“Intentionally decorating my classroom was my first act of showing my students I care about them. I pride myself on building relationships with my students and them knowing I care about them inside and outside of the classroom. Taking the time to make the classroom meaningful and creative as well building a safe place for our community helps establish an effective classroom setting.”

 

Jayme Wiertzema, Elementary Art, Worthington, Minnesota
“I’m looking forward to having a CLASSROOM this year. The past two years I have taught from a cart and this year my amazing school district allowed me to have a classroom in our school that is busting at the seams! I’m so excited to use my classroom environment to inspire creativity in my students, get to know them and learn from their amazing imaginations in art class!”

 

Melissa Vecchio, 4th Grade, Queens, New York
“Since so much of a student’s time is spent inside their classroom, the environment should be neat, organized, easy to move around in but most of all positive. I love to use a theme to reinforce great behavior. I always give the students a choice in helping to design bulletin boards and desk arrangements. When they are involved they take pride in the classroom, and enjoy being there.”

moving forward

After Confederate flag dispute at Colorado football game, schools pledge to bring students together

PHOTO: Marc Piscotty
Manual High students.

Acknowledging “we may never have a conclusive picture of what happened,” two Colorado school districts sought to move past a controversy over whether a Confederate flag was displayed at a football game and open a conversation between the two school communities.

The principal of Manual High, Nick Dawkins, wrote in a community letter over the weekend that the visiting Weld Central High School team “displayed a Confederate flag during the first quarter of the (Friday night) game, offending many members of the Manual community.”

Officials from Denver Public Schools and Weld County School District Re-3J released a joint letter Tuesday saying that based “on what we have learned to date, however, the Weld Central team did not display the Confederate flag.” At the same time, it said, multiple Manual eyewitnesses “reported seeing spectators who attempted to bring a Confederate flag into the game and clothing with flag images.”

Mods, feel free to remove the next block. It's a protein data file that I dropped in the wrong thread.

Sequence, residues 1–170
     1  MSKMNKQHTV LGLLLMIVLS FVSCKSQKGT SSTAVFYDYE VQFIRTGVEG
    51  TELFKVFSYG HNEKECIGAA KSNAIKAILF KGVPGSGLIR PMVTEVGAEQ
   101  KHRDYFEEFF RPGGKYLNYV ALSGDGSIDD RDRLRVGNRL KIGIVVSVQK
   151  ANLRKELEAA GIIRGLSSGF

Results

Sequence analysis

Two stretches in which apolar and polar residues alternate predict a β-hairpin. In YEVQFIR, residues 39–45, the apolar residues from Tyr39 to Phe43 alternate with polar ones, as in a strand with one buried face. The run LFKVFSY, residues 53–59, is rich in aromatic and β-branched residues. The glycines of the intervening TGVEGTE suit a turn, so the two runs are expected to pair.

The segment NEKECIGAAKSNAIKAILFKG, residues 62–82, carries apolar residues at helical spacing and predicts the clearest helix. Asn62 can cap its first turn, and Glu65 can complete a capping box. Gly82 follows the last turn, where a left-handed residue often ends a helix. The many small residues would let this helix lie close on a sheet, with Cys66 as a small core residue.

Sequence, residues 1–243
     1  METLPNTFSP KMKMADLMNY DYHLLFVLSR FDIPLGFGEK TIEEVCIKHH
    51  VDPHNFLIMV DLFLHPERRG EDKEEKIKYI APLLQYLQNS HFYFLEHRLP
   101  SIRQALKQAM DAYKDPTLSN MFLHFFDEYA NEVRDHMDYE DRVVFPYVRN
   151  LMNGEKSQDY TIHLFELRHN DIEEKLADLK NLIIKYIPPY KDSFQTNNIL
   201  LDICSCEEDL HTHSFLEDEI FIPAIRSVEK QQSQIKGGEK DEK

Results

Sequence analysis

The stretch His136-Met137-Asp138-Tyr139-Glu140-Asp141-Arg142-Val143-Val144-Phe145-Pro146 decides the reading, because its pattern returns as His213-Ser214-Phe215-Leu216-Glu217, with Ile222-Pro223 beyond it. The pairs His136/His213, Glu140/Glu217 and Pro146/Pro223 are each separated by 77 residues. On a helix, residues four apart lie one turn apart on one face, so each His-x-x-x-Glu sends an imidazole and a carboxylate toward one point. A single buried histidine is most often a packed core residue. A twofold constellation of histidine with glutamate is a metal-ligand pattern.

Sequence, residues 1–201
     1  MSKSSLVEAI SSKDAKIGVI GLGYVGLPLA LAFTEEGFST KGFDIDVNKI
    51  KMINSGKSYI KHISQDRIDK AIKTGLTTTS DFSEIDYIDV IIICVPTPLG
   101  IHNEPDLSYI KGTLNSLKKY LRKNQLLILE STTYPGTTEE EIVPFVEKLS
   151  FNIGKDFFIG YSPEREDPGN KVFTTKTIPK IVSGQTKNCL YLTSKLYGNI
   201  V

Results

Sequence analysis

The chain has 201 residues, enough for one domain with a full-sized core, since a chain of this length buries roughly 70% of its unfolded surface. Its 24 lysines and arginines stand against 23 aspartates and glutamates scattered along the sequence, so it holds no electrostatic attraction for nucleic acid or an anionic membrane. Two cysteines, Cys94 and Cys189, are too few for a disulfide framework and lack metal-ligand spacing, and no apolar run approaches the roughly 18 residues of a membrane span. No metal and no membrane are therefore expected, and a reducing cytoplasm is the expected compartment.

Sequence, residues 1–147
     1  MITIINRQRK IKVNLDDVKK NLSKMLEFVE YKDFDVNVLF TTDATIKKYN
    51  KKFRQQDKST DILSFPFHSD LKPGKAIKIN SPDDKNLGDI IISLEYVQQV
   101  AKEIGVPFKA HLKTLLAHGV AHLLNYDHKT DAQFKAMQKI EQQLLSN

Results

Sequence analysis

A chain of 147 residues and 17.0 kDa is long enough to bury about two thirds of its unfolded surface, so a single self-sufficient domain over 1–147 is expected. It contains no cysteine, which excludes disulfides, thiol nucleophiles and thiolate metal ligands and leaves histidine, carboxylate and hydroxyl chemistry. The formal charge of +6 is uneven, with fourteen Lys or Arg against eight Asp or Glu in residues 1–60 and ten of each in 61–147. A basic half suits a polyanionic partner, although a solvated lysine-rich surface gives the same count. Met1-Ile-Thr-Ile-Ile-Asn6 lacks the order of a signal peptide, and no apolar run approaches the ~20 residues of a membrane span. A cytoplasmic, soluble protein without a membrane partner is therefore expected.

Going forward, students from the two schools — one rural and one urban — will participate in a student leadership exchange that has student leaders visit each other’s schools and communities to “share ideas and perspectives,” the letter says.

“At a time in our country when so many are divided, we want our students instead to come together, share ideas and learn together,” says the letter, which is signed by the principals of both schools and the superintendents of both school districts.

The alleged incident took place at a time when issues of race, social injustice, politics and sports are colliding in the United States, making for tough conversations, including in classrooms.

Weld Central’s mascot is a Rebel. Manual, whose mascot is the Thunderbolts, is located in one of Denver’s historically African-American neighborhoods.

Dawkins in his initial community letter also said “the tension created by the flag led to conflict on and off the playing field,” and that three Manual players were injured, including one who went to the hospital with a leg injury. He also said some Manual players reported that Weld Central players “taunted them with racial slurs.”

Weld Central officials vehemently denied that their team displayed the flag. In addition, they said in their own community letter they had “no evidence at this point that any of our student athletes displayed racially motivated inappropriate behavior.”

They said district officials “do not condone any form of racism,” including the Confederate flag.

Weld Central fans told the Greeley Tribune that they didn’t see any Confederate flag.

Read the full text below.